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Bridge Pedal registration opens: Organizers set caps to limit crowds

Posted by on May 15th, 2013 at 2:01 pm

Bridge Pedal 2007-39

The epic 2007 Bridge Pedal bottleneck at the Ross Island Bridge.
(Photo © J. Maus/BikePortland)

Registration opened yesterday for the 18th annual Bridge Pedal ride. Organizers have unveiled a few new features to the ride this year, including — for the first time ever — registration caps to keep the size of the rides to manageable levels.

As far back as 2005 (which is as far as my archives go), Bridge Pedal has been plagued by massive crowds and bottlenecks. Before the 2006 event, a special meeting of stakeholders was called to help solve issues related to the crowds. In 2007, the ride turned into more of a walk as thousands of people were stalled and forced to walk due to a bottleneck at the Ross Island Bridge. That debacle garnered a front page headline in The Oregonian.

This year, Bridge Pedal owner and chief organizer Rick Bauman has placed registration caps for each of the five rides (and the “Stride”). The 10, eight, and six-bridge rides will be limited to 5,000 people each. The “Kids Pedal”, a three-mile ride only for little ones, is limited to 1,000 participants and the “Fremont Express”, a 6:00 am ride for faster riders is capped at 1,500. Bauman says he doesn’t expect to turn many people away since these caps are set close to the number of registrants they’ve had in the past several years.

Here’s more from Bridge Pedal:

To help ensure all Providence Bridge Pedal bicyclists have a safe, enjoyable ride, there will be limits this year on the number of participants in each event. This will help minimize congestion on the ride, allowing everybody to complete the ride within the event’s time limits.

Crowding always has been a problem at Providence Bridge Pedal. We are experimenting this year with generous limits on the number of participants in each event to help ensure that everybody has a fun, safe ride. In addition, all rides need to be complete by certain times before our permits expire.

The ride is set for Sunday, August 11th. Learn more and register at BridgePedal.com.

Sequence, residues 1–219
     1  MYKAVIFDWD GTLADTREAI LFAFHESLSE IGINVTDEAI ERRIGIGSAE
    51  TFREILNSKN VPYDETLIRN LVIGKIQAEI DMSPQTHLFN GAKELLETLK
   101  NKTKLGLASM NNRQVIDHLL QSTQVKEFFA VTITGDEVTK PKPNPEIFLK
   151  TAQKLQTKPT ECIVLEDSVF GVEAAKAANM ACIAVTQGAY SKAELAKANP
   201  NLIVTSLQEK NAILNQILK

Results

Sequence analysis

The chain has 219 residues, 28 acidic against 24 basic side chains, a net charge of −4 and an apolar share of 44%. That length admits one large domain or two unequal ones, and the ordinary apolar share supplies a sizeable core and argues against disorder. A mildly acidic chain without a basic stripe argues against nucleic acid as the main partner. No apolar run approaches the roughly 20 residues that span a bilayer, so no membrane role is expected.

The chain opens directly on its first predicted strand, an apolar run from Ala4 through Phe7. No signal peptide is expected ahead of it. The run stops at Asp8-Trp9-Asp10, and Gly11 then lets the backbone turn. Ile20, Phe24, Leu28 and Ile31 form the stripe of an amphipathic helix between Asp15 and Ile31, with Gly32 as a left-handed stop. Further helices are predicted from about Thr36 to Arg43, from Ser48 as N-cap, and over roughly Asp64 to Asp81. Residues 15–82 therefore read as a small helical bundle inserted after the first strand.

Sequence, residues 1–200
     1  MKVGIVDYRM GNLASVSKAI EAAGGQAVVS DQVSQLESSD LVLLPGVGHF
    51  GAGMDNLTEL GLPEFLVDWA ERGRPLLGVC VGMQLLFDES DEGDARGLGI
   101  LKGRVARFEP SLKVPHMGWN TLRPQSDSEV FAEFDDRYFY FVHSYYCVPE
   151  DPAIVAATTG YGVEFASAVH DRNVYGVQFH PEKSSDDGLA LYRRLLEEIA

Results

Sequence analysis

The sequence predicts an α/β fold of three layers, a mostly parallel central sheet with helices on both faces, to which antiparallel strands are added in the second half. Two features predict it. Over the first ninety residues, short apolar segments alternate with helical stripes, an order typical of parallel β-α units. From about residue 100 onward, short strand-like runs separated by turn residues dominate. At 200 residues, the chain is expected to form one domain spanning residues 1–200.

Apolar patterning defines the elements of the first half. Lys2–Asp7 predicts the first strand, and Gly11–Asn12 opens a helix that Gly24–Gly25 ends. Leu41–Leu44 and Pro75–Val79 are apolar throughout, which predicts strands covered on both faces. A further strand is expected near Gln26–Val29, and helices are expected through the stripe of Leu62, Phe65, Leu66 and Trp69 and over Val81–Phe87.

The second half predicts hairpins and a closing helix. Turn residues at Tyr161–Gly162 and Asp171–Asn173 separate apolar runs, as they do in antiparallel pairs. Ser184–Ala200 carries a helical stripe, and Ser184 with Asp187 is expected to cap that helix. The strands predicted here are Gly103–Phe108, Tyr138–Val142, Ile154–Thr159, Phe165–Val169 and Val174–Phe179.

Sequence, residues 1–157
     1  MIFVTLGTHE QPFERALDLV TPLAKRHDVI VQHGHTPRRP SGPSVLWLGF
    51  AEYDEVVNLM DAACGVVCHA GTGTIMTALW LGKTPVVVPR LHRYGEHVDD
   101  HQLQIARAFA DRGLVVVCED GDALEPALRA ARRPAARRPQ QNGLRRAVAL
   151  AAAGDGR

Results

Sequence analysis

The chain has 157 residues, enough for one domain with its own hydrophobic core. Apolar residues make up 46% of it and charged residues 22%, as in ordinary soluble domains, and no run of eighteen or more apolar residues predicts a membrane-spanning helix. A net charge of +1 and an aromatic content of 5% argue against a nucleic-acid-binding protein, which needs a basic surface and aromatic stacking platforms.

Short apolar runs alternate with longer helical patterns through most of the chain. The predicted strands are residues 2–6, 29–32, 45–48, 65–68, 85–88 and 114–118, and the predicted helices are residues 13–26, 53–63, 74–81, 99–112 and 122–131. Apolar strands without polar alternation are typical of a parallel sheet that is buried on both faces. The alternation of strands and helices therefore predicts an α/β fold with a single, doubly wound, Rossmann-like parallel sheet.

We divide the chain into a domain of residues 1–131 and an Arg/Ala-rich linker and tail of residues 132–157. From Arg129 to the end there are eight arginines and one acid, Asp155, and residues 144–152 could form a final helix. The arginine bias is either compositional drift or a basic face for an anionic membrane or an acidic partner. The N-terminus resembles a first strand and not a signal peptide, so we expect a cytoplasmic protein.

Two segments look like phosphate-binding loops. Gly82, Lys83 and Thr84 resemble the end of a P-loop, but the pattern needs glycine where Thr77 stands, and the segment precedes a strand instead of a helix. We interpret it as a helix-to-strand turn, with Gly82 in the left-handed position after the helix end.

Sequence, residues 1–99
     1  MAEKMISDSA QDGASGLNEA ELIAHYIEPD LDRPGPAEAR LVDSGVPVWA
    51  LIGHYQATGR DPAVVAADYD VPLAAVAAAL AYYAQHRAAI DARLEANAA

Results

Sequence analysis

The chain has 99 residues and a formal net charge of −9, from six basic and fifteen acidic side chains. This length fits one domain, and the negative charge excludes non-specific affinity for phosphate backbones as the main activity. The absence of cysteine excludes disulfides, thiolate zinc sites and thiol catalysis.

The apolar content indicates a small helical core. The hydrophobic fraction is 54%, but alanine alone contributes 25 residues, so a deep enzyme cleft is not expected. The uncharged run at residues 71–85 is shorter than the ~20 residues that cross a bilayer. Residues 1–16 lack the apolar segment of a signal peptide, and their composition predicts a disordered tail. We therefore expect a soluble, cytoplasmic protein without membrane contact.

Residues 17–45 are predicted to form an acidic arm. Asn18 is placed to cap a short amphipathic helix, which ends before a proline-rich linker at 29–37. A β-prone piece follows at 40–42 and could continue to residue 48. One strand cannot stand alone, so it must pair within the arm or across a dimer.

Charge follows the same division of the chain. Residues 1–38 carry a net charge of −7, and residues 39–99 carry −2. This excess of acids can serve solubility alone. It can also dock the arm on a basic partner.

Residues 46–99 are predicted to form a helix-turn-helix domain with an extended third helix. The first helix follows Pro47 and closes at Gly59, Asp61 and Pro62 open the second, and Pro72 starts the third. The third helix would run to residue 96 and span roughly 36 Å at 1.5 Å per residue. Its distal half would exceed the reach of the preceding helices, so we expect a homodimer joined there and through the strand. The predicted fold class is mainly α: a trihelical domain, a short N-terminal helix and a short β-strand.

NOTE: We love your comments and work hard to ensure they are productive, considerate, and welcoming of all perspectives. Disagreements are encouraged, but only if done with tact and respect. If you see a mean or inappropriate comment, please contact us and we'll take a look at it right away. Thank you — Jonathan

  • Spiffy May 15, 2013 at 2:06 pm

    I’d like to see some stats from previous years on the number of registrants vs the number of participants…

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    • Sunny May 15, 2013 at 2:13 pm

      You mean like unused gym memberships for the lazy or people riding without paying?

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      • Spiffy May 16, 2013 at 1:06 pm

        exactly… I’ve paid for events and then not been able to participate…

        I’m sure they’re taking that into account… they probably have those numbers somewhere…

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  • Todd Boulanger May 15, 2013 at 2:12 pm

    …you know the one solution to grid lock is to make it a weekly event!

    Instead of Aloha Friday it would be Bicycle Friday in Portland!! (Bike Friday was already taken.)

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  • Paul Hanrahan May 15, 2013 at 2:21 pm

    2007 was a mess but since then the organizers have steadily made the event flow smoother. Last year, for me at least, it appeared very well organized with no delays or gridlock.